Publication: Monitor Volume: 5 Issue: 22

Sibneft, Russia’s seventh largest oil company, controlled by Boris Berezovsky, was raided today by Federal Security Service spetsnaz troops on the order of the Russian Prosecutor General’s Office. Also today, General Prosecutor Yuri Skuratov handed in his resignation for health reasons, and checked into the Central Clinical Hospital, reportedly with heart problems (NTV, February 2).

The search of Sibneft’s Moscow offices was reportedly connected with a criminal case which the General Prosecutor’s office recently opened concerning allegations by the daily newspaper “Moskovsky komsomolets” (M-K). M-K alleged that a private security firm under Berezovsky’s control was eavesdropping on top government officials and on members of President Boris Yeltsin’s family, including his daughter, Tatyana Dyachenko, who is an adviser to the president. NTV reported today that the order to search Sibneft’s headquarters was signed by Skuratov’s deputy. It was unclear, therefore, whether Skuratov’s resignation was connected with the Sibneft raid. If it was connected to the raid, the key question is whether Skuratov refused to sign off on it, or, rather, was removed as a result of Berezovsky’s intervention.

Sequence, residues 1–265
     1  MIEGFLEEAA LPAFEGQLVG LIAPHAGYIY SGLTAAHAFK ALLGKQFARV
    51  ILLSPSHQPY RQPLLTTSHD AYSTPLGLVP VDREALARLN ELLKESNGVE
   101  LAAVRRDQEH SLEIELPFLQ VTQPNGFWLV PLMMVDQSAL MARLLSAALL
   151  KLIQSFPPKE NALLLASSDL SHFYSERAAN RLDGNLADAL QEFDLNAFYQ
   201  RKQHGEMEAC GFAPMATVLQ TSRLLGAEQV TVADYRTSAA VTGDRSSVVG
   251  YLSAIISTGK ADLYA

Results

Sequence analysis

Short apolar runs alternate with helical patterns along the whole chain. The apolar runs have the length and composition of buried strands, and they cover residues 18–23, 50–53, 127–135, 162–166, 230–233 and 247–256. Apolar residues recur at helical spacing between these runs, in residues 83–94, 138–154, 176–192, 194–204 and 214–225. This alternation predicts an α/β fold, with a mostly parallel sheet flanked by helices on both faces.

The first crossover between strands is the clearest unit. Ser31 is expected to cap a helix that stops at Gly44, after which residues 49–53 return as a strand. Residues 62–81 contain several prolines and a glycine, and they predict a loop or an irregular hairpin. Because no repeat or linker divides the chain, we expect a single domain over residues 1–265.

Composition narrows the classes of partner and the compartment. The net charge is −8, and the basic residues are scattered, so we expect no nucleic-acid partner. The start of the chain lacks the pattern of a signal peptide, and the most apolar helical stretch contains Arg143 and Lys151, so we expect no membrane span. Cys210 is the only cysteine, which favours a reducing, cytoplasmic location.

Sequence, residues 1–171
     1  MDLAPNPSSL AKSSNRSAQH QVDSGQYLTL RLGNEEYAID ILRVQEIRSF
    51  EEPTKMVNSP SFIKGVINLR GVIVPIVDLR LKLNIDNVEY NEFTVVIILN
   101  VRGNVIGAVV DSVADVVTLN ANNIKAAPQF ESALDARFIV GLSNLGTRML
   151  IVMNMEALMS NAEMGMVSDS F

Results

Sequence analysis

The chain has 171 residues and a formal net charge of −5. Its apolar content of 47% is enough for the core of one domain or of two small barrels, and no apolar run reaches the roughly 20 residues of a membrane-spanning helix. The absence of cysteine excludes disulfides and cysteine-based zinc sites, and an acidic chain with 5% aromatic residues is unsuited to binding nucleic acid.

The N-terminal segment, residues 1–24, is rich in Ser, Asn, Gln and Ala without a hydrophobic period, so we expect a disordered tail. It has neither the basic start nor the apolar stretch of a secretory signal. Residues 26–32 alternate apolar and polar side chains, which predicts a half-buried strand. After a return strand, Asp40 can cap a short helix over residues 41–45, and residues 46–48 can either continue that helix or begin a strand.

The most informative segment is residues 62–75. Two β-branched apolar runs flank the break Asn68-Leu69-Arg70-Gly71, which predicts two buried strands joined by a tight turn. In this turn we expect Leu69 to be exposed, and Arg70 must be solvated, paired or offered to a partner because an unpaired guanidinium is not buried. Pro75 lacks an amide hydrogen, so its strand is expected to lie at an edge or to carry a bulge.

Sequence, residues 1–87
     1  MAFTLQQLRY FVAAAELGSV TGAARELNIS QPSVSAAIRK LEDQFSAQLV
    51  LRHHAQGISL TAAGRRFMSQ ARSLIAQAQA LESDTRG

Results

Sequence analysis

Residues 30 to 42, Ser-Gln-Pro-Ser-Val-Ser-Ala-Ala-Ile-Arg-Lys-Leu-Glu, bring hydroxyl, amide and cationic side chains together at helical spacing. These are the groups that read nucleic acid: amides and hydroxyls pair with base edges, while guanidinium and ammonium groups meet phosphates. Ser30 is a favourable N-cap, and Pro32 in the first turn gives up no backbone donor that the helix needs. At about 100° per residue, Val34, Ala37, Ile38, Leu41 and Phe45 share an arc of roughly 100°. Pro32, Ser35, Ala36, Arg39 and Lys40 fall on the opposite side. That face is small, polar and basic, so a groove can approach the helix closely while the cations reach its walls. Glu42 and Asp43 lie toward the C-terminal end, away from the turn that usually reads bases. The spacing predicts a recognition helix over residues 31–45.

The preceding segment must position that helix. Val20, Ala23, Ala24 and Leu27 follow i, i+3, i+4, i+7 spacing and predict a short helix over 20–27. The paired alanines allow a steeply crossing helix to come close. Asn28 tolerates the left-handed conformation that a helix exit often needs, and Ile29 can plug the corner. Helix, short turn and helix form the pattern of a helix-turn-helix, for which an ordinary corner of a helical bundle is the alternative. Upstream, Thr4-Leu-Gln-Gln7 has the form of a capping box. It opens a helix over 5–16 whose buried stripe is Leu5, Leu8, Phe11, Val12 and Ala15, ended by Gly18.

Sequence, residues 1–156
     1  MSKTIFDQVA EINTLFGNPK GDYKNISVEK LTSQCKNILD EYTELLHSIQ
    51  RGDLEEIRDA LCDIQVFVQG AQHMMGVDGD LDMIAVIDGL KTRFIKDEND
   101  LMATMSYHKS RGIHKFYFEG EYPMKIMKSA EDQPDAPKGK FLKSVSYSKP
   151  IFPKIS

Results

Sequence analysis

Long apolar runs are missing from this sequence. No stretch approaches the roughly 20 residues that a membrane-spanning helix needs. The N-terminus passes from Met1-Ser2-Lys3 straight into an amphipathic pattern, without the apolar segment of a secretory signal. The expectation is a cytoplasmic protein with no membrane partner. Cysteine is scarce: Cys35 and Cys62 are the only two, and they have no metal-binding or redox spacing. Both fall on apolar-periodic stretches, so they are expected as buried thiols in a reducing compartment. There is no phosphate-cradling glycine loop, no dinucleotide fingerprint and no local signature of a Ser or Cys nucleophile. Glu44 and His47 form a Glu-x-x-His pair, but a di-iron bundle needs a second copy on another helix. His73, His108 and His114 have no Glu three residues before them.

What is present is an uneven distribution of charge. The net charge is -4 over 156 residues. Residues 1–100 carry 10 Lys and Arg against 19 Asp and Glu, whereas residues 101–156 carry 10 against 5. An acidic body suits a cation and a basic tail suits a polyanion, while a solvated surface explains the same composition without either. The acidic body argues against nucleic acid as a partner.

The raid may simply have been connected to Prime Minister Yevgeny Primakov’s promise to crack down on economic crime. Over the weekend, Primakov, who is known to dislike Berezovsky, said there would be a wide-ranging prisoner amnesty to make room in prisons for perpetrators of economic crimes. Russian media quoted Berezovsky, who has gone increasingly public with his criticisms of Primakov, as saying Primakov’s new drive against economic crime was “bringing us back to the Soviet times” of little security under the law (Moscow Times, Dow Jones Newswire, February 2). Sibneft, like others among Russia’s top oil companies, is heavily indebted to the state.